A short bus trip and a long walk down Constitution Avenue (which included the group splitting up and some of us getting lost amidst the celebrations) we managed to catch glimpses of the extravagant 4th of July parade. A showcase of exotic floats, expensive sports car, dancers, horses, marching bands and carriages took the street of Constitution Avenue.
The Smithsonian (our first museum stop of the day) consists of 19 museums and is hailed to be the world’s largest museum and research complex. Since we spent our intended museum time watching the 4th of July festivities, our museum time was cut short. I headed to the Museum of Natural History. My first stop in the museum was the National Fossil Hall (which was unfortunately under renovations until 2019). We managed to get a quick photo of the only dinosaur in the room at the moment before moving on to the Mummies section and then the Ocean Hall. The Sant Ocean hall is extraordinary in scale and presents the global ocean from a cross-disciplinary perspective, highlighting the biological, geological and anthropological expertise and scientific collections of the museum, as well as the ongoing research in marine science. The ocean is intrinsically connected to other global systems and to our daily lives; seeing this display highlighted the importance of saving our world’s oceans. We then took a short walk to the United States Holocaust Memorial Museum.
The Holocaust Museum provides documentation, study and artifacts of Holocaust history. It is dedicated to helping leaders and citizens of the world combat and confront hatred, prevent genocide and promote human dignity. The Holocaust Museum’s collections contains more than 12,750 artifacts, 49 million pages of archival documentation, 80,000 historical photographs, 200,000 registered survivors, 1000 hours of archival footage, 84,000 library items and 9,000 oral history testimonies. Each exhibit was breathtaking, heart wrenching and honest.
Visitors frequently report that the sight and smell of the 4,000 shoes is the most searing memory from their time in the museum. Shoes were just one category of belongings the Nazis systematically confiscated from their victims at the killing centres (like Auschwitz-Birkenau). Vast quantities of clothing, eyeglasses, kitchen utensils, hair- and toothbrushes—every kind of personal item—were seized and shipped to Germany or distributed to the local populations.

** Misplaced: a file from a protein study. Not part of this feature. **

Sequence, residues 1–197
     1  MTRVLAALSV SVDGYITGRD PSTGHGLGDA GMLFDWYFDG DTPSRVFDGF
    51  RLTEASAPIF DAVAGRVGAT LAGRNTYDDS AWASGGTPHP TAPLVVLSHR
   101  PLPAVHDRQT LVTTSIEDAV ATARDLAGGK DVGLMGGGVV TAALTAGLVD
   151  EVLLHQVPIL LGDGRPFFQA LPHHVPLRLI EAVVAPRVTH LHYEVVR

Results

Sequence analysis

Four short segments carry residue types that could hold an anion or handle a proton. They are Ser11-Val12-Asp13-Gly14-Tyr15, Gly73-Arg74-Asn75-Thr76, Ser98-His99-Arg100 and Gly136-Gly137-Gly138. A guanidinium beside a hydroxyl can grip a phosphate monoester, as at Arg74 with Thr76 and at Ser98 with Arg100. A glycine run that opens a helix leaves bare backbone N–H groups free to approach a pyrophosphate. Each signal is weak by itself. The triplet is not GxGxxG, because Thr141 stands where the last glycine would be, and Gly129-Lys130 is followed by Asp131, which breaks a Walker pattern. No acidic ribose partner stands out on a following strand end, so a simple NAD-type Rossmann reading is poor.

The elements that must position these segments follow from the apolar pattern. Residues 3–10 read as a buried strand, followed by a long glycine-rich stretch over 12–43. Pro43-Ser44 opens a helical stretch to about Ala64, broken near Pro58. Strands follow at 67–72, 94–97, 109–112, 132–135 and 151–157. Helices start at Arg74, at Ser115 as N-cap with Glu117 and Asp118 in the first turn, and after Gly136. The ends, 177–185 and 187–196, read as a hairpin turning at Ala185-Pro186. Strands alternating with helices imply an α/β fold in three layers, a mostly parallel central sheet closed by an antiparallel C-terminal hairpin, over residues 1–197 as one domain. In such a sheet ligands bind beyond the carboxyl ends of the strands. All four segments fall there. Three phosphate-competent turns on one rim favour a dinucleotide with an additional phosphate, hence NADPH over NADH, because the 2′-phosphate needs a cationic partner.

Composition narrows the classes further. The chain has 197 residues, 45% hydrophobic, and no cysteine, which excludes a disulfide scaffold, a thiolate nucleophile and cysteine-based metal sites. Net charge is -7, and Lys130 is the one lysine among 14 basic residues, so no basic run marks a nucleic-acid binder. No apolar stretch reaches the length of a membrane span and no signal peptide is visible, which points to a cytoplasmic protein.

“One shoe, two shoes, a dozen shoes, yes. But how can you describe several thousand shoes?” - Edward R. Murrow
Another quote embossed on the wall -
"We are the shoes, we are the last witnesses.
We are shoes from grandchildren and grandfathers, From Prague, Paris and Amsterdam, And because we are only made of fabric and leather And not of blood and flesh, each one of us avoided the hellfire.”
Yiddish Poet Moses Schulstien
The 4,000 shoes displayed in the Exhibition are on loan from the State Museum of Majdanek in Lublin, Poland, and represent a tiny fraction of those found at Majdanek in 1944.
We started out journey back to the Sheraton and re-grouped in our LGMs to reflect on what we saw. After a lot of discussion we walked down the road to the Air Force Memorial. Glow sticks in hand, the GYLC team sat in front of the Arlington Cemetery and watching the 4th of July firework frenzy that took place over the Washington Monument. The GYLC group bonded over fireworks and a good game of football (congratulations Germany and Brazil).It was a privilege to be able to witness the Independence Day celebrations at the capital. This was our last day here before we move onto our second leg of GYLC which is New York.
Happy Birthday America!